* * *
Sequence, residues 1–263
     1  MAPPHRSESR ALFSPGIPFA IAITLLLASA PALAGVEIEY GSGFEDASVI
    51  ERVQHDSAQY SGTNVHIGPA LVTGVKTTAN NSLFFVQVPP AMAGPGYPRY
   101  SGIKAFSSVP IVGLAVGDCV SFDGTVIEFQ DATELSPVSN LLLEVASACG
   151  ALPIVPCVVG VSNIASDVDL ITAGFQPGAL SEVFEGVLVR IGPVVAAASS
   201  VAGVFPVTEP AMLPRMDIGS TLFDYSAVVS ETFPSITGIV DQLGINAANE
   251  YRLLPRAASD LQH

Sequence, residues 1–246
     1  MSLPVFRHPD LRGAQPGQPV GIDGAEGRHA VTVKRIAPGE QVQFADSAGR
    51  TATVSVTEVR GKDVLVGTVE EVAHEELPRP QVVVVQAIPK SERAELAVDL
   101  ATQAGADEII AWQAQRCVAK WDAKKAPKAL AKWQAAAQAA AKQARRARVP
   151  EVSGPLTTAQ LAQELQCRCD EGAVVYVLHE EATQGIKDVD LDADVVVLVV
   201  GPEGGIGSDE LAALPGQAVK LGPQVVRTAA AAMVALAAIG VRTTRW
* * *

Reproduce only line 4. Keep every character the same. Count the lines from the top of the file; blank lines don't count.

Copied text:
   101  SGIKAFSSVP IVGLAVGDCV SFDGTVIEFQ DATELSPVSN LLLEVASACG